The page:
There’s a little black spot on the sun today…
On June 5th, Venus passed directly between the Sun and the Earth. This happens in pairs eight years apart, twice every 120 years or so. The last transit, in 2004, wasn’t visible from Colorado, so I missed it. I did see a transit of Mercury some years ago. That’s not all that rare.
I took this rather cool event as an opportunity take some pictures through my 12.5″ scope. Yes, I have an observatory in my back yard. It doesn’t see too much use these days. I got into astronomy while working at Symantec, and, well, being rather bored. I’m not nearly so bored at Apple (usually!), so astronomy has taken a back seat.
Anyhow, I practiced taking photos a few days ahead of time so that I’d know what I was doing. The best results came from just holding my camera up to the eyepiece. (I put it into manual mode to get the focus right and adjust the shutter speed based on how cloudy the views were.)
Here’s a shot as Venus moves onto the face of the Sun. There were plenty of clouds at that point, but still enough light coming through to get nice shots.
This next one shows Venus fully on the face of the Sun. The clouds were a bit thicker, but some sunspots are easily visible too.
I took this shot directly with my camera, zoomed in at 20x, through a Thousand Oaks filter. The filter lets though more yellow light than the one on my large scope. Kinda pleasing. My large scope has a homemade filter that uses Baader Solar Film.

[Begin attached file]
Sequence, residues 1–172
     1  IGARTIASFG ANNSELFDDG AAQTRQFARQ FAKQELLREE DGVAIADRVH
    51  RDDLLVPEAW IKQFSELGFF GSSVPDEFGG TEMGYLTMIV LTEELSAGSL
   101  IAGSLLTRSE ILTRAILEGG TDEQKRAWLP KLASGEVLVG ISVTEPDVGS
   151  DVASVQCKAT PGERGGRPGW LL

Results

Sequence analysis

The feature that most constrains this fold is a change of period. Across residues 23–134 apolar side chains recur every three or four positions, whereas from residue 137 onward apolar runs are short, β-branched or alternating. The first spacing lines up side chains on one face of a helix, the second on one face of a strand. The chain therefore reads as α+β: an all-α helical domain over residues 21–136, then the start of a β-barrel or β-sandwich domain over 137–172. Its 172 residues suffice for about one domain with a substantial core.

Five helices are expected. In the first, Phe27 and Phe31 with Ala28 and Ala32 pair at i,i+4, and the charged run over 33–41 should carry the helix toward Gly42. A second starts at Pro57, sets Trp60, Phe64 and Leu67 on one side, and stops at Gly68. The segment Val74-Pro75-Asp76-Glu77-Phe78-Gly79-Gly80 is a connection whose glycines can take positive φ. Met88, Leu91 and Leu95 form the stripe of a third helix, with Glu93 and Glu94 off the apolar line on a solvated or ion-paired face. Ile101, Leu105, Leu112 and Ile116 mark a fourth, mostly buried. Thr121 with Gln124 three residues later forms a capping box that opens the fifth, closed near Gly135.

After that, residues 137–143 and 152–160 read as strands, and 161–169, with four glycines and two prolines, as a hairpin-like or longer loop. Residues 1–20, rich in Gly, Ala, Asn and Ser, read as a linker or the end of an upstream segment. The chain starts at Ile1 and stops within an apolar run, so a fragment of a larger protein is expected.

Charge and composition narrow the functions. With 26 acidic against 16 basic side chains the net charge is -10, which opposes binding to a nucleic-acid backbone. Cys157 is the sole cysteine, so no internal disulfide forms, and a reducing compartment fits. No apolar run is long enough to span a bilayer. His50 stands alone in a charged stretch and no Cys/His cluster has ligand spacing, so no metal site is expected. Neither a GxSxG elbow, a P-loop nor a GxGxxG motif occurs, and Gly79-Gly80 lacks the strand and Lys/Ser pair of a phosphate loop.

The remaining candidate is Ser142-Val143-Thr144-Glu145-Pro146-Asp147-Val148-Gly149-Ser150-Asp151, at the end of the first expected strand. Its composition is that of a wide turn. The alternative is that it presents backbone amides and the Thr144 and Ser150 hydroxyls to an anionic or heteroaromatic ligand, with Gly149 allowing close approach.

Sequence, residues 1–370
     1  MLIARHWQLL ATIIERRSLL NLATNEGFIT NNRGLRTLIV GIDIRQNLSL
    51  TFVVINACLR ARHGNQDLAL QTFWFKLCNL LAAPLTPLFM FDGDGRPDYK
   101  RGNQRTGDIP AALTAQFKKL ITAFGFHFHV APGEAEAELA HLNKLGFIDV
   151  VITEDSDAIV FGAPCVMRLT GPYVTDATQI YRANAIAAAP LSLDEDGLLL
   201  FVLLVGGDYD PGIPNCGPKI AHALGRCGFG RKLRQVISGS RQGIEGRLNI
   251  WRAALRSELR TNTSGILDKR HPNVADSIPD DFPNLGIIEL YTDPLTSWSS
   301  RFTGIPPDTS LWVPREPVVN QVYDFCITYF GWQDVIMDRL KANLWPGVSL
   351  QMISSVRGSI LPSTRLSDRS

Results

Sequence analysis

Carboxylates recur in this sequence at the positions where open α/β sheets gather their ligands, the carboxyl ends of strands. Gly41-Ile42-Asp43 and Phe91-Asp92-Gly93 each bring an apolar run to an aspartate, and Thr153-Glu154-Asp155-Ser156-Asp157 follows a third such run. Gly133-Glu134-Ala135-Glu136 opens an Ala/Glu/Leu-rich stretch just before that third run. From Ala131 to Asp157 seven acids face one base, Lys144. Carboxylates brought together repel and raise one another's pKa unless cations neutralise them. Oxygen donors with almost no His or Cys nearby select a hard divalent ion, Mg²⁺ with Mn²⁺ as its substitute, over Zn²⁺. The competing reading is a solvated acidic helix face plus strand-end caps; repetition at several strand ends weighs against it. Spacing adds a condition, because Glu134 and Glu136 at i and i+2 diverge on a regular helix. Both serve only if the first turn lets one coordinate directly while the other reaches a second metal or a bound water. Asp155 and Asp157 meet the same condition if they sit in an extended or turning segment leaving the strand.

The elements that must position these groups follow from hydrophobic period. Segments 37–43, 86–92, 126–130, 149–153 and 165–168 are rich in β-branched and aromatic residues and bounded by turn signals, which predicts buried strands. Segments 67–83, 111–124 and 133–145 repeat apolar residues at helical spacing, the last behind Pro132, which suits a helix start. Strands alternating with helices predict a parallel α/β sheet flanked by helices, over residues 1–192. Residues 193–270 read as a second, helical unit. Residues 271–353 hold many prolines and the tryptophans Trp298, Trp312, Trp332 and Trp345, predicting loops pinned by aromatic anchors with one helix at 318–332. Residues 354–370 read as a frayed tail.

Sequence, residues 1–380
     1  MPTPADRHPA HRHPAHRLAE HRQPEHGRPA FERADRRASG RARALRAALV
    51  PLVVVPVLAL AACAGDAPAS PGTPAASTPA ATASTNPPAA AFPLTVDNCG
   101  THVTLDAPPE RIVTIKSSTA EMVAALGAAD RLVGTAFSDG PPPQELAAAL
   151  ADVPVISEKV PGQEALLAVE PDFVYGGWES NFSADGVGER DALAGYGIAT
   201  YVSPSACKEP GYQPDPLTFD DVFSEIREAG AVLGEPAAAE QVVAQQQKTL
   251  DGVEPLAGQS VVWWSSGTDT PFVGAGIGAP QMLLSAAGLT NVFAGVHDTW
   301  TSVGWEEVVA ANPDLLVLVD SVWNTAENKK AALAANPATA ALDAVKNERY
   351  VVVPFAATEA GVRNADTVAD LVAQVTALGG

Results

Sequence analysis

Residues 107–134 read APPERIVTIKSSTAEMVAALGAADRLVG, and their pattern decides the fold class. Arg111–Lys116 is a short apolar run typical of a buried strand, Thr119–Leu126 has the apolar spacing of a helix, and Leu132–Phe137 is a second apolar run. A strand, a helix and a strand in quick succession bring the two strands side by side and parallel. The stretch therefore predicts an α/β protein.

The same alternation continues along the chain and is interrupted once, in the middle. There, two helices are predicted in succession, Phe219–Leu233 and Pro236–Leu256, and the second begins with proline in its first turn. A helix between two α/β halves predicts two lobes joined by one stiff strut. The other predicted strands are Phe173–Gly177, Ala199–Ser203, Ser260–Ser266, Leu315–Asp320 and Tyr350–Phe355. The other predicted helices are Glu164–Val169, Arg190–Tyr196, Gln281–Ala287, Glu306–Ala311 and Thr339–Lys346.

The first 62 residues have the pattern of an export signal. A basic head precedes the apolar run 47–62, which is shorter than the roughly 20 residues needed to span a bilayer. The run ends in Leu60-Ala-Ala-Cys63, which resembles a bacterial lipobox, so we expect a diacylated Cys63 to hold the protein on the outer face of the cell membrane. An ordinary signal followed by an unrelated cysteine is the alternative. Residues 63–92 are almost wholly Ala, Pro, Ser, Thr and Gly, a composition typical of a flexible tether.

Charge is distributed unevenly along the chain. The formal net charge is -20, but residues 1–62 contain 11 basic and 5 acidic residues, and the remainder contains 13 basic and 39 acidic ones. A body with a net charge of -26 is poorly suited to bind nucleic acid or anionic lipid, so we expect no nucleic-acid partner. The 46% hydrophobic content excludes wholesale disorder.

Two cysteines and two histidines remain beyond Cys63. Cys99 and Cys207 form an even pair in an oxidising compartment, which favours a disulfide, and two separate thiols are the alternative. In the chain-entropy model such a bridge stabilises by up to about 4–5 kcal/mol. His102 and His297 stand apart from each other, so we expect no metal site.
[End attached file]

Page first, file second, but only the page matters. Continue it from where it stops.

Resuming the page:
This is one of the best shots I managed. You can see more sunspots, and the large ones have a clear penumbrae around them. The view through the eyepiece was spectacular at times. Lots of small sunspots were visible, as well as a good bit of granulation across the face.
This last picture as things were getting more cloudy towards the western horizon.
I’d been hoping to get some shots as the Sun set behind the Rockies. Unfortunately, there’s a tree very close to the observatory that obscured the view.
Also on that night, Teresa was entertaining about 40 kids and parents from the robotics team she mentors. A large percentage of them came out to take a peak through the scope. It was very busy at times, and certainly more folks looked through the beast than any other time since I’ve owned it.